BETT '99: BECTA chief slams laggard teachers

Owen Lynch, chief executive of the British Educational Communications and Technology Agency (BECTA) today slammed the lack of "revolution or evolution" in the way UK teachers are using information and communication technology (ICT).At the BETT "99 show Lynch described the present landscape as "bleak and depressing", and called on educationalists to take advantage of the "extraordinary opportunity and challenge" offered by technology for life in the 21st century.

Owen Lynch, chief executive of the British Educational Communications and Technology Agency (BECTA) today slammed the lack of "revolution or evolution" in the way UK teachers are using information and communication technology (ICT).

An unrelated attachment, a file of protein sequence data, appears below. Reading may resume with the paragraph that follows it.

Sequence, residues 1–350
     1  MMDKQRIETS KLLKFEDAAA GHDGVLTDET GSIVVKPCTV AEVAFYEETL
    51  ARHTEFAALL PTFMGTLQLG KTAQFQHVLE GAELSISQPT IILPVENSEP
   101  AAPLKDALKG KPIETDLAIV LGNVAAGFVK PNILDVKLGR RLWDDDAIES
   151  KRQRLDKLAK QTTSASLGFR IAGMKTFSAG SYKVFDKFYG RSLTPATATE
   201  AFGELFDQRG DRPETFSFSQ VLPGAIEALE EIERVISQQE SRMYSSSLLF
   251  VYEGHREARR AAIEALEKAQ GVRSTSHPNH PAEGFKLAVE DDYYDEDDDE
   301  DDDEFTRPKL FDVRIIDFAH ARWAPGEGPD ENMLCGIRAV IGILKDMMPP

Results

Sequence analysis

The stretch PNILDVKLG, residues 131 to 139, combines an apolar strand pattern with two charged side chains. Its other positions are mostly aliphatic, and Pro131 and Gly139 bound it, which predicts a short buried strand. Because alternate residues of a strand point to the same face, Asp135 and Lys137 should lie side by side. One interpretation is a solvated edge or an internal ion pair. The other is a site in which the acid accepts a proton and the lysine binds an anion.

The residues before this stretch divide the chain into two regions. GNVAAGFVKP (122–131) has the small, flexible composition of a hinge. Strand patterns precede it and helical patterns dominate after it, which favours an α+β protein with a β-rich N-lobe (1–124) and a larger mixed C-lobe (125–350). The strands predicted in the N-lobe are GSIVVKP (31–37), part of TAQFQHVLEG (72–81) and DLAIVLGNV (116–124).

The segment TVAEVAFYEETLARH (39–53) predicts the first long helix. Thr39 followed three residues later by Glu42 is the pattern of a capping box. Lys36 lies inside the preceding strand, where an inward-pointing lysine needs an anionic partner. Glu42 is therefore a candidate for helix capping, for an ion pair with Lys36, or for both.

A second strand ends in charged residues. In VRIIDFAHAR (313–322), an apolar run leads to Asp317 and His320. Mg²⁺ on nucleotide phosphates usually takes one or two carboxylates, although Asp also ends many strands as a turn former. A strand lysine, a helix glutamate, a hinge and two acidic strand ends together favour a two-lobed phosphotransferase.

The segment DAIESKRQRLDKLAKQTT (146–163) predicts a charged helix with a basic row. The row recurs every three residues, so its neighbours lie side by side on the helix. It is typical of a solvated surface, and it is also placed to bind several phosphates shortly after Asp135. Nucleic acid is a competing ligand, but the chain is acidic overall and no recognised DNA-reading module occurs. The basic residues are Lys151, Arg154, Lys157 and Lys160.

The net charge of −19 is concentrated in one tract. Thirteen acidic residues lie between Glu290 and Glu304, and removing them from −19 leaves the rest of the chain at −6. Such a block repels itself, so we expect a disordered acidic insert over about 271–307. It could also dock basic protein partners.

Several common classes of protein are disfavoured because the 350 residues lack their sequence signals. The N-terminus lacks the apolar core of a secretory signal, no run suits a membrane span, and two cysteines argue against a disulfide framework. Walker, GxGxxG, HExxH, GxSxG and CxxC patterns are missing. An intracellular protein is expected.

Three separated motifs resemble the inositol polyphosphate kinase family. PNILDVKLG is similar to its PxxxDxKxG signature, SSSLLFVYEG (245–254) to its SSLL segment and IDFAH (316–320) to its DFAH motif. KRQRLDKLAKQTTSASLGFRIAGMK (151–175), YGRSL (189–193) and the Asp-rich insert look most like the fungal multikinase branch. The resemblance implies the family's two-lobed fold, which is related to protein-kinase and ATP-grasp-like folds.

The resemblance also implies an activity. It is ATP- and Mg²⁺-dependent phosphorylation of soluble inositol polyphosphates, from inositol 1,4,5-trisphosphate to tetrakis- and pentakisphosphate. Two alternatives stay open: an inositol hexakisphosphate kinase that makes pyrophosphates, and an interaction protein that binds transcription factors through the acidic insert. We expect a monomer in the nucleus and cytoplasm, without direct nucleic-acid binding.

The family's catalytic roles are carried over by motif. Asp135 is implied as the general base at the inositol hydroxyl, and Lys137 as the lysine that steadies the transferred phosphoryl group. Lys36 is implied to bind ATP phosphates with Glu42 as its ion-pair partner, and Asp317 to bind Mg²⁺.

At the BETT "99 show Lynch described the present landscape as "bleak and depressing", and called on educationalists to take advantage of the "extraordinary opportunity and challenge" offered by technology for life in the 21st century.

Lynch highlighted the need to train teachers not only to use technology but to ensure it is seen as an essential tool in the learning process. A 1998 BECTA survey found only 15 percent of primary headteachers and 20 percent of secondary head teachers felt ICT was making a substantial difference to learning in their schools.

Lynch drew optimism from the government's commitment to technology in schools but called on commercial bodies to form closer links with them to develop better infrastructures and long term investments. "There is insufficient dialogue between the commercial and educational world and that is clearly unacceptable," Owen said.

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